Any good family law attorney also serves documentation to back up the assertions made in the disclosure document. This backup documentation consists of bank and credit card statements, title documents, and any other proof of the existence or value of community or separate property.
Compiling all of these tax documents, bank statements, credit card statements, title documents, mortgage statements, etc. can take time. Rather than waiting until your attorney gives you the directive to compile all of this, having everything ready to go will make your life easier and will probably move you to the top of your attorney’s stack of work to complete. We like working on the cooperative client’s files first because we know we won’t get held up waiting on them to get us information or documentation.
3. Work with your spouse to get agreements on as many issues as you can.
Even during the best of times, the family law cases with stipulations and agreements are completed faster, and get heard by the court first. Even cases where the parties and/or attorneys are able to reach a partial stipulation, leaving less for the court to decide, are heard before cases with parties who can’t stipulate to the color of the sky.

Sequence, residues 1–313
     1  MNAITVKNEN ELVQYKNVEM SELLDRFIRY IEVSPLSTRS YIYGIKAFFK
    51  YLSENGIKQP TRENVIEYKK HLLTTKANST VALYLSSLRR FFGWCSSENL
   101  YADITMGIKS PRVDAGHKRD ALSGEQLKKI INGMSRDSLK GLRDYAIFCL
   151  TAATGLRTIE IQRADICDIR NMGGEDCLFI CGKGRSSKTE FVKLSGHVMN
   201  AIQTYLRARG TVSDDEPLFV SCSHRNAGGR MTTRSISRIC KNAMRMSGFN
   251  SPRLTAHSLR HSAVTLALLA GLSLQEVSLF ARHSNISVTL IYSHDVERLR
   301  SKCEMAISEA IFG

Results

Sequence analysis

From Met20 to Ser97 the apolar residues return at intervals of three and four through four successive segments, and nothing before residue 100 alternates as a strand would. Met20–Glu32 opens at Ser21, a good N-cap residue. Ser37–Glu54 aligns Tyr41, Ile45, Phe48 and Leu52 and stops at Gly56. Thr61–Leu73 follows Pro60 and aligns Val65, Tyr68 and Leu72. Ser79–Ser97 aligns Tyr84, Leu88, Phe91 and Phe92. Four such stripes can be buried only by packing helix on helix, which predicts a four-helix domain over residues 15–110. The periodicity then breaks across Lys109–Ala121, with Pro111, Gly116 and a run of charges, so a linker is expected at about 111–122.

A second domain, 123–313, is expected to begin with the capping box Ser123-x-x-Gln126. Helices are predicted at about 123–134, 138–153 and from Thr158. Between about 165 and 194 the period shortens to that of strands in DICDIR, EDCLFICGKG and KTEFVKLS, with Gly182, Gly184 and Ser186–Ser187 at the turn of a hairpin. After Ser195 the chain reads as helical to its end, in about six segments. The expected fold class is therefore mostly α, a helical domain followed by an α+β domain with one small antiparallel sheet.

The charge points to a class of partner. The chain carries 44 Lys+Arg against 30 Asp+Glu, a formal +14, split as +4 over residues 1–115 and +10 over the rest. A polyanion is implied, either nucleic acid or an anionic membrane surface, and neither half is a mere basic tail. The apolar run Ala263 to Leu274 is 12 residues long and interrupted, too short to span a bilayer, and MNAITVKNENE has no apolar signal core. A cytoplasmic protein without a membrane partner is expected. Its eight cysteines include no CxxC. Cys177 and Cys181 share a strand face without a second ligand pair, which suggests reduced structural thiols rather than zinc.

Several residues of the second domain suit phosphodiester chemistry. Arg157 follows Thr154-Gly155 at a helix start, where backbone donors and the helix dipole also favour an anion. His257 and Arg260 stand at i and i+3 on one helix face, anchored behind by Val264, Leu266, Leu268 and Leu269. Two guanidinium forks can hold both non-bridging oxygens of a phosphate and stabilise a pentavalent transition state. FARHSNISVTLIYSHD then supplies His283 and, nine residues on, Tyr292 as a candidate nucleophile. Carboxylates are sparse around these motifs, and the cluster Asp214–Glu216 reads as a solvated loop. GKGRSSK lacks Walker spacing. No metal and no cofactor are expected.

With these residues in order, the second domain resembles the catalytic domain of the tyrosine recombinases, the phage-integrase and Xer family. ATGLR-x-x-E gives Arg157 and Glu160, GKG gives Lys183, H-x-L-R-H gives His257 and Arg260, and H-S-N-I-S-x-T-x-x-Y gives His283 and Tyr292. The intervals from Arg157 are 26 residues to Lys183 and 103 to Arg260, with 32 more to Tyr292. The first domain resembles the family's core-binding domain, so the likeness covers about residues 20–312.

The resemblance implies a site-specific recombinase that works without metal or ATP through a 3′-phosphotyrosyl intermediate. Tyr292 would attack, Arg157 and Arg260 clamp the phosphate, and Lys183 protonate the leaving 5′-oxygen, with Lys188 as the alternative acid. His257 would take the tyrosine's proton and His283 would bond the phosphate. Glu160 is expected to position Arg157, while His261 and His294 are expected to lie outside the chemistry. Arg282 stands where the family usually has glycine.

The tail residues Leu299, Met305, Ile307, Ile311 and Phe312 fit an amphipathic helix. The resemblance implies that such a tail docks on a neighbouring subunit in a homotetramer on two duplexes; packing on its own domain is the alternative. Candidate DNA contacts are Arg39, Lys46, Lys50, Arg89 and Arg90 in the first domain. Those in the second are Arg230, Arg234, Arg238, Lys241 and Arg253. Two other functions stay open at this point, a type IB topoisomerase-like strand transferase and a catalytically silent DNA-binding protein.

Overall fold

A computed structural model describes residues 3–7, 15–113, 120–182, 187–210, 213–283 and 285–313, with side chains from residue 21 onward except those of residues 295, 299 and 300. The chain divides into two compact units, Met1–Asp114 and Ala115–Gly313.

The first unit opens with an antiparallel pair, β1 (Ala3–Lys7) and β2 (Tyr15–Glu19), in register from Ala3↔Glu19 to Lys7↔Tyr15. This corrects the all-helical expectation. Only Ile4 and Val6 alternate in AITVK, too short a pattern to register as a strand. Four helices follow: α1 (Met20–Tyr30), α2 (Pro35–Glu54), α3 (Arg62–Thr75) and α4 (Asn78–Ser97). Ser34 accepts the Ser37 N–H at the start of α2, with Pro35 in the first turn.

The family court is going to be over-loaded for quite some time once it re-opens, and getting a hearing or trial date for anything other than domestic violence and certain child custody issues is going to take months. Parties who are able to negotiate and come to an agreement to settle their divorce matter will probably be officially divorced (i.e. six months will have passed since the petition was served) before cases with uncooperative parties are even set for trial.
Having the right divorce attorney can help make sure your best interests are being represented during negotiations with your spouse and can ensure your agreement conforms to the requirements of the Family Code.
Working on these agreements now will make it that much easier to get your agreement submitted to the court, putting you closer to the front of the line.
So while you don’t have control over the global pandemic, the stay-at-home order, or the closure of the courts, spouses planning to file for divorce should take these three steps and reach out to a divorce attorney to discuss the particular facts in their case. A skilled family lawyer will be able to assist you in reaching a prompt, out-of-court settlement with your spouse.
⇒ Domestic violence restraining orders are still being heard by the court on an emergency basis. If you are experiencing domestic violence in your relationship and seeking resources or information, contact an experienced domestic violence attorney for a free consultation now.